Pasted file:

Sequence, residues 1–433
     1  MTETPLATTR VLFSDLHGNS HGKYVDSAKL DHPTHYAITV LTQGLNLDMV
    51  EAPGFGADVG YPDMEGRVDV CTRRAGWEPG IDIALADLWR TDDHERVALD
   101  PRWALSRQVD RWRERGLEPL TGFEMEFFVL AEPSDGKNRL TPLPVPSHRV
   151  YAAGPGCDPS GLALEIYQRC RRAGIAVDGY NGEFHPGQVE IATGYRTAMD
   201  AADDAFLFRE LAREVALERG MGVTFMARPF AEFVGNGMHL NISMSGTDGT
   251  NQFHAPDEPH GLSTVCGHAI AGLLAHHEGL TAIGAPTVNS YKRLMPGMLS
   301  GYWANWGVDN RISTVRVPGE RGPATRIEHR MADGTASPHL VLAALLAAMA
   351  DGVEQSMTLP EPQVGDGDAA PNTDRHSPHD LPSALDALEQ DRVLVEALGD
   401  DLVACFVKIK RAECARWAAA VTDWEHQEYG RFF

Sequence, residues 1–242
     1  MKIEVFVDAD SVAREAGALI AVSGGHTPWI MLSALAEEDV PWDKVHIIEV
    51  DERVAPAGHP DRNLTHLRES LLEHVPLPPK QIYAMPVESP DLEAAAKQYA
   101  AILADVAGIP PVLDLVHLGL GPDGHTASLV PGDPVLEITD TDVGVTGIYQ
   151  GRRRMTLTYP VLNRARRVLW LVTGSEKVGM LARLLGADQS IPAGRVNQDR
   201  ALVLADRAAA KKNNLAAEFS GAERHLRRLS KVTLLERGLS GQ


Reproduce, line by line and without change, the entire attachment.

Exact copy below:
Sequence, residues 1–433
     1  MTETPLATTR VLFSDLHGNS HGKYVDSAKL DHPTHYAITV LTQGLNLDMV
    51  EAPGFGADVG YPDMEGRVDV CTRRAGWEPG IDIALADLWR TDDHERVALD
   101  PRWALSRQVD RWRERGLEPL TGFEMEFFVL AEPSDGKNRL TPLPVPSHRV
   151  YAAGPGCDPS GLALEIYQRC RRAGIAVDGY NGEFHPGQVE IATGYRTAMD
   201  AADDAFLFRE LAREVALERG MGVTFMARPF AEFVGNGMHL NISMSGTDGT
   251  NQFHAPDEPH GLSTVCGHAI AGLLAHHEGL TAIGAPTVNS YKRLMPGMLS
   301  GYWANWGVDN RISTVRVPGE RGPATRIEHR MADGTASPHL VLAALLAAMA
   351  DGVEQSMTLP EPQVGDGDAA PNTDRHSPHD LPSALDALEQ DRVLVEALGD
   401  DLVACFVKIK RAECARWAAA VTDWEHQEYG RFF

Sequence, residues 1–242
     1  MKIEVFVDAD SVAREAGALI AVSGGHTPWI MLSALAEEDV PWDKVHIIEV
    51  DERVAPAGHP DRNLTHLRES LLEHVPLPPK QIYAMPVESP DLEAAAKQYA
   101  AILADVAGIP PVLDLVHLGL GPDGHTASLV PGDPVLEITD TDVGVTGIYQ
   151  GRRRMTLTYP VLNRARRVLW LVTGSEKVGM LARLLGADQS IPAGRVNQDR
   201  ALVLADRAAA KKNNLAAEFS GAERHLRRLS KVTLLERGLS GQ